Every day, new research is coming out about the novel coronavirus, or COVID-19. Guidelines and recommendations from the CDC and public health officials are changing as more studies reveal how the virus behaves. As of now, there are limited testing kits in the United States, so testing for COVID-19 is restricted to those who are incredibly sick and in the hospital, says Sean Drake, M.D., an internal medicine doctor with Henry Ford Health.
“As of today, there isn’t a sufficient amount of testing available, so we can’t test everyone who comes in with a sniffle,” he says. “There might come a time when testing is widely available, but right now we have a shortage, so the people who are being tested are those who are older, critically ill, or who have severe underlying health conditions.” (Underlying health conditions include lung conditions, asthma, heart problems and weakened immune systems, like those with organ transplants and cancer.) Tests also need to be reserved for healthcare workers — if they have it, they must be quarantined, and if they don’t, they’re needed to work.
If your symptoms include shortness of breath and an inability to breathe, head to the emergency room or call 911. Don’t show up unannounced, though — please call ahead so workers can be prepared to prevent the spread of the virus. If your symptoms are less severe or don't seem life-threatening (if you have a slight fever of 100 - 101 degrees Fahrenheit, a cough and aches, for instance), doctors recommend recovering at home instead of rushing to your doctor’s office or an urgent care. If you don’t have COVID-19, you could be infected by those who do and, if you do, you risk spreading the virus to others.
“In these cases, you can call or message your healthcare provider. We’re doing video and e-visits to decrease the chance of it spreading in waiting rooms,” says Dr. Drake.
Here’s how he recommends you care for yourself at home when potentially sick with COVID-19:
- Quarantine yourself for 15 days. That is the recommended amount of time to ensure you won’t be contagious. (And whether you’re healthy or unwell, social distancing is a must for everyone.)
- Take your temperature once or twice a day. “You can be asymptomatic for the first five to seven days and then experience increasing symptoms,” says Dr. Drake. Keep track of your temperature so you know if your fever is increasing or your symptoms are worsening.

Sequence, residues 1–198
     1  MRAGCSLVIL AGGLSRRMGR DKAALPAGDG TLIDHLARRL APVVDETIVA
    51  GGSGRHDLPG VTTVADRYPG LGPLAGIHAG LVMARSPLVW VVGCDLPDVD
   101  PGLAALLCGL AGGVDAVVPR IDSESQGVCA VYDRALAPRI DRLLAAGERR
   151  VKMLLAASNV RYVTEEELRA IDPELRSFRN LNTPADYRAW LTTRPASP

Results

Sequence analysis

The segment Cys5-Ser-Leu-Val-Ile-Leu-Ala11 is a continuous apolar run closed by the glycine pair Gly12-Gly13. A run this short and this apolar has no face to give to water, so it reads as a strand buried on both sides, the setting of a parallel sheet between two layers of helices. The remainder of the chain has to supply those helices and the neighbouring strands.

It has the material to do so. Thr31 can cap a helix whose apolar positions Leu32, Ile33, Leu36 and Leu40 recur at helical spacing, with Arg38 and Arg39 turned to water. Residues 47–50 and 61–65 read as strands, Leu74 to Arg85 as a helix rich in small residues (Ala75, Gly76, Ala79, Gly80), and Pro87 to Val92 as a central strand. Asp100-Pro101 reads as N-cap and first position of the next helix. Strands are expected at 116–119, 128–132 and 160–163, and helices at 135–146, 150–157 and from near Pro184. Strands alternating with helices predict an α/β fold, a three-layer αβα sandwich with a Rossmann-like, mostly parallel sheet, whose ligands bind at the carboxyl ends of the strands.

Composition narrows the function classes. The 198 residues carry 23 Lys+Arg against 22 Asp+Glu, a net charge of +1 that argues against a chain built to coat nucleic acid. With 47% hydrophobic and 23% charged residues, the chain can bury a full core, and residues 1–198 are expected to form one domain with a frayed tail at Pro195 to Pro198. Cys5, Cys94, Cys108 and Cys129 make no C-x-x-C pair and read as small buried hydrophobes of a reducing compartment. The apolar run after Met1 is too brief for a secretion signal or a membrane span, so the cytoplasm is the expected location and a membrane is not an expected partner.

- Rest. “I’ve heard that some people are exercising a lot, but this is not the time to be doing strenuous activities. If you’re sick, you need to let your body rest and recuperate,” says Dr. Drake.
- Drink fluids. As with the flu, drinking plenty fluids is recommended when you’re sick at home.
- Be wary of ibuprofen. There's been conflicting information on ibuprofen and COVID-19. “It’s not completely clear at the moment, but preliminary studies have suggested there may be an increased risk with ibuprofen,” says Dr. Drake. Out of caution, he recommends taking acetaminophen, like Tylenol, to relieve symptoms.
- Cough medicines are okay. Cough drops, cough syrups — things that help with nasal congestion — are fine to take to relieve symptoms.
- Eat a healthy diet, but know that vitamin C won’t cure you. “If I get COVID-19, I will be drinking orange juice, but it’s not a magic pill,” says Dr. Drake. Some people are relying on vitamin C-rich elderberry, but he says there is currently no evidence of it helping or hindering people with COVID-19.
- If you’re on an ace-inhibitor medication, switch to something else. “If you have COVID-19 and you’re on a class of blood pressure medications called ace inhibitors, there is early evidence suggesting they worsen the outcome of COVID-19,” says Dr. Drake. “There’s no need to switch blood pressure medication if you don’t have COVID-19, but if you do contract it, talk to your healthcare provider about taking a different type of blood pressure medication.”
For up-to-date information about Henry Ford Health’s response to the coronavirus, visit henryford.com/coronavirus.
Dr. Sean Drake is an internal medicine physician seeing patients at Henry Ford Medical Center in Sterling Heights.